|Page 1 of 4:||   |
|Index||34 reviews in total|
The most intense and powerful film I have seen in years. There have been other films before that delved into the Vietnam Vet but nothing compared to this emotionally heartwrenching film, as a typical American suburban family, circa 1972, comes apart at the seams, revealing the scars that Vietnam has left on our all of our collective souls. The cast is A++++ fantastic with all four actors(with Kathy Bates a stand-out) giving riveting performances. What is wonderful about this film is that you take no sides, but understand all four characters and empathize with them, even though all four have divergent viewpoints and needs. There are scenes in here that are so powerful as family secrets and feelings are revealed(such as the confrontation between son and mother) that will have you emotionally drained and in tears of anguish. I actually cried in this film, something I rarely do. The shocking end is a stunner! A much overlooked film that should be seen. I rate this 1996 film a 10/10 a superlative piece. Highly recommended especially in this day and age with again, our country embroiled in a hideous war, our headlines shouting of atrocities and again, our young men and women returning with deep psychological scars, with their deep pain of deeds done in the line of honor. A must see film.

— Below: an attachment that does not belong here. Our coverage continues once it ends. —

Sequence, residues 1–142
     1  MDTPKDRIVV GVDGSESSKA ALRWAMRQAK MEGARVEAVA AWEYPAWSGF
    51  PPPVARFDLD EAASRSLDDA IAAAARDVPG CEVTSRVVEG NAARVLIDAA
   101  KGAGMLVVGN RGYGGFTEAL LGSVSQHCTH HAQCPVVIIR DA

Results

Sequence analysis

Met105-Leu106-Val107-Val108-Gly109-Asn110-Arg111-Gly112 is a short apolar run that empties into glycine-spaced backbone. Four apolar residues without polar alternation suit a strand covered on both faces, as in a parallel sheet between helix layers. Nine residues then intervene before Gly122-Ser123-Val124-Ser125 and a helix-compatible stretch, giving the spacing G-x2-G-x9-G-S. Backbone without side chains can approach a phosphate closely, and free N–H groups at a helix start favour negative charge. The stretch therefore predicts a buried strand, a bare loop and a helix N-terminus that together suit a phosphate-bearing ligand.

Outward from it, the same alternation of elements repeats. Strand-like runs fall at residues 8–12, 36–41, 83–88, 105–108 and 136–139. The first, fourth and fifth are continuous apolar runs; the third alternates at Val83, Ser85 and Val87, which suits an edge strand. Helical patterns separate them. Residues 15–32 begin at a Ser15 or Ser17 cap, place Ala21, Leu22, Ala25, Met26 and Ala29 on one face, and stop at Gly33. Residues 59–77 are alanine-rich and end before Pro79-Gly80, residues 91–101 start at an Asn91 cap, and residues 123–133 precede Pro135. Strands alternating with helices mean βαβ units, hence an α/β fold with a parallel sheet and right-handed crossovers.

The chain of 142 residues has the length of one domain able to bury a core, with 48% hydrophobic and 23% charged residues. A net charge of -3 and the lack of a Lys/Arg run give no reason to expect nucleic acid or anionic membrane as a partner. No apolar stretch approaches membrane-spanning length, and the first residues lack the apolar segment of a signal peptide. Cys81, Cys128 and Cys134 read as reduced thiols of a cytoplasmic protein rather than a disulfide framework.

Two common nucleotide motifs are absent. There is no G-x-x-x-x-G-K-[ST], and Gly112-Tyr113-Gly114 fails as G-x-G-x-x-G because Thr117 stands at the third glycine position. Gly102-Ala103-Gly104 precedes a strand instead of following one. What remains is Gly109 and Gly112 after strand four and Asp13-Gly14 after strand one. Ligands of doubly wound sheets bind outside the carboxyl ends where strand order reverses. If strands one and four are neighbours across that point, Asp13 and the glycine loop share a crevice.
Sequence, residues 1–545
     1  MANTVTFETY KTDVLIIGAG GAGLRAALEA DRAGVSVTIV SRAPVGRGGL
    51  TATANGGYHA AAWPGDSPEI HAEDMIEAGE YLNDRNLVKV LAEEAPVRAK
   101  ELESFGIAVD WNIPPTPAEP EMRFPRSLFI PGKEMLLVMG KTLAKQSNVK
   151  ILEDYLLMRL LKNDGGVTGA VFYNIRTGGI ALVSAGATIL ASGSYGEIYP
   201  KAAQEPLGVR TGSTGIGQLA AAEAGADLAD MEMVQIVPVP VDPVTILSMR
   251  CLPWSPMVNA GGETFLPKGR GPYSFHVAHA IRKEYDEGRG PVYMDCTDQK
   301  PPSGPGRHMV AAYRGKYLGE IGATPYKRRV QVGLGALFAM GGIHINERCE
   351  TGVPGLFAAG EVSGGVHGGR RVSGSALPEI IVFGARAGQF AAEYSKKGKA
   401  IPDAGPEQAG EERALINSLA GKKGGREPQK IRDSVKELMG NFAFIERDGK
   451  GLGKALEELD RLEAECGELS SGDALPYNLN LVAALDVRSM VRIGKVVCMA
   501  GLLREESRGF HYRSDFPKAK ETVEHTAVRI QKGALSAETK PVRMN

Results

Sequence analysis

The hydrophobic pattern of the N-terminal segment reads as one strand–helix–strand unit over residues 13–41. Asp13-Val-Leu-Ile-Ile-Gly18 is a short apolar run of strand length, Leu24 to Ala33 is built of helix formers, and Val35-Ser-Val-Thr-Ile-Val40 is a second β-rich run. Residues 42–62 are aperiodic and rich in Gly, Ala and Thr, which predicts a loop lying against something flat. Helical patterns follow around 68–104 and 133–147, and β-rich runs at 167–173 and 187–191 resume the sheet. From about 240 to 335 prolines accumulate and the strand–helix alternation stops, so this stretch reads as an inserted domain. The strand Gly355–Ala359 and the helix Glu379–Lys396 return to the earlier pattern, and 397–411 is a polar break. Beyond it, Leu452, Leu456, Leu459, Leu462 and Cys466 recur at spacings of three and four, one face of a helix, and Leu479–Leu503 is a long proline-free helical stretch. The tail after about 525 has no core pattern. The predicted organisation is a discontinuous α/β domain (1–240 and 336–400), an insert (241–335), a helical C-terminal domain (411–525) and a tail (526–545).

I caught this movie on TV yesterday. I had a certain curiosity about it,
being that it was directed by Emilio Estevez and starring him and his
real-life Dad, Martin Sheen. I love to see a movie about a father-son
relationship that involves a real-life father and son. Naturally, there's
an instant chemistry between Sheen and Estevez, and their scenes of conflict
are even more intense, knowing that they're actually related. Of course, it
helps that the two of them are both terrific actors. I've seen Martin Sheen
in intense roles before, but I think this is Emilio's most intense
role--being that I mostly recall him from the "Mighty Ducks" series--and I
was very impressed. Talent REALLY does run in that family. And Kathy Bates
steals the movie in an Oscar-worthy performance. She tugged at my
heartstrings with every word of dialogue. Kimberly Williams--the beautiful
actress from the "Father of the Bride" movies--is also very good, holding
her own among a group of talented veteran actors.
The movie is a bit stagey, with dialogue that's obviously geared for the stage, but that didn't bother me. This is not meant to be an action movie; this is a character study. And for a film that's based on a play, it never gets too claustrophobic. When Emilio's character, Jeremy, reminisces to his days in Vietnam, we actually see his harrowing memories brought to life.
The film is extremely powerful and realistic, without being sentimental. At the end, I expected all the conflicts to be resolved and the family would become hunky-dory, but that's not how it turned out. The ending made me cry, without resorting to standard Hollywood melodrama. That proves reality is much more gripping than anything Hollywood can conjure up.